Since Self-Control is fascinating to me as a person trying to navigate this ‘growing up’ thing, I paid particular attention to that section of the text. I grinned when Baumeister cited some research that confirmed my personal experience that “self awareness is essentially for the sake of self-regulation.” Self regulation is therefore necessary to achieve goals.  My initial impressions of adulthood are that most of it is an exercise in self-control.

Self Control and Adulthood:

Well, in order to achieve anything long term (and in direct contrast to childhood – almost everything necessary to function in adulthood is long term – owning and caring for property, paying bills, contributing meaningfully to society, raising children…etc) you need to have a certain level of knowledge and mastery – which is mostly achieved through self-controlled study or experience.

Which leads to another personal conclusion that to-do lists are a necessary tool of adulthood in a modern world where we’ve got dozens of competing goals we need to decide between prioritizing.  BUT… even though tackling to-do lists will help you get many things done – depending on your level of energy, time, and motivation you might find it impossible to check things off.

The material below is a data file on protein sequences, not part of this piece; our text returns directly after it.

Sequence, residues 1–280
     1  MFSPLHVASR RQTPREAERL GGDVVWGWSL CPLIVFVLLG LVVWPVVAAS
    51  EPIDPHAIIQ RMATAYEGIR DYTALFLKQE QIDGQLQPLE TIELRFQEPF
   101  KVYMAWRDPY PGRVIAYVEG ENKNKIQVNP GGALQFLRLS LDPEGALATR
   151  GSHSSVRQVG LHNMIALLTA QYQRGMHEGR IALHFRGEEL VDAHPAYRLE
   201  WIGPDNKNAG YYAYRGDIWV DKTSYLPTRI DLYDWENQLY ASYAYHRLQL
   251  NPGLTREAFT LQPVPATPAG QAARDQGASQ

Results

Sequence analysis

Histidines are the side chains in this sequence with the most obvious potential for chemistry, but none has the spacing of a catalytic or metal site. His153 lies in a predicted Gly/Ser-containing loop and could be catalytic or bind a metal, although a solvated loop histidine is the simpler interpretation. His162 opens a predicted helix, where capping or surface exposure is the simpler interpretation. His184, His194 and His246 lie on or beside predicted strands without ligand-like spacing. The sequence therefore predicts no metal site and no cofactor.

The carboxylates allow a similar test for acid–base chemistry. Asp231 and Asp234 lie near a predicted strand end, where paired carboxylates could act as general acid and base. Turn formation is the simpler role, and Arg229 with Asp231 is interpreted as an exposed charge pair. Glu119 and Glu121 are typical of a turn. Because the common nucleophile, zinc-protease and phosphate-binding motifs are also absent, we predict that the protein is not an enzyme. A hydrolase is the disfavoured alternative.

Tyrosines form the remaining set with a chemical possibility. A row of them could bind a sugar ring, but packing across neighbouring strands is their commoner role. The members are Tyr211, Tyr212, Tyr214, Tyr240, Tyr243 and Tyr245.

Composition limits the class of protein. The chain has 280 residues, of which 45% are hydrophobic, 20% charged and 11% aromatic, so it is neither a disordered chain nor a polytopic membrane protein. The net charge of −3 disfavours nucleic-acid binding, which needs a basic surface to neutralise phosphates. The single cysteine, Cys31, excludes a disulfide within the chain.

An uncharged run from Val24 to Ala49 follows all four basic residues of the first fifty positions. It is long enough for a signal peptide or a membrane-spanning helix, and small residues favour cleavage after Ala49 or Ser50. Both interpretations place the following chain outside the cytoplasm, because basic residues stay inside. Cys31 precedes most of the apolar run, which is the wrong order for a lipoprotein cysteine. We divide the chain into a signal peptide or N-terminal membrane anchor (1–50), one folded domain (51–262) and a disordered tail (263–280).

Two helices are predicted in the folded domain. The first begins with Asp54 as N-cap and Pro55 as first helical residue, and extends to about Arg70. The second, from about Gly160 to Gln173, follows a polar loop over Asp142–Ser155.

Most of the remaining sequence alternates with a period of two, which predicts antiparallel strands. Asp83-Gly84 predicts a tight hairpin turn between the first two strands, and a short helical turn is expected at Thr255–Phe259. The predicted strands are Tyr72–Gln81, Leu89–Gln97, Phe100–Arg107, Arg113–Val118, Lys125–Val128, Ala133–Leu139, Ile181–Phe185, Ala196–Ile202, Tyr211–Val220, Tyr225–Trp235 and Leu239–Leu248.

This is why I think it is equally important to categorize things to do and then use the right strategy for tackling the To-Do list. I don’t think you can always accomplish tasks in the same way each time, mainly because you become accustomed to that particular approach and then start slacking off.  There’s a similar phenomenon in dieting – people get bored of eating cottage cheese, salads, and chicken every day so they start seeking novelty – and fall off the bandwagon.

Here are 3 of my strategies for tackling to-do lists and achieving focus.

Note: These strategies are particularly for tackling mental work.

3 Things Method

The Three Things Method:

Every 2 weeks I make a list of mental tasks that need to get done – generally things I can’t accomplish with my son around. This allows me to identify what times are useable (nap time, bed time) and what times aren’t (the witching hour 5-7pm). Then depending on the day and amount of time available, I pick 3 things (the most important on the list!) and focus on ONLY those 3 things – nothing else on the master list.  Clearing my mind of the other items makes it easier for me to focus.

Checkbox Method

The Checkbox Method: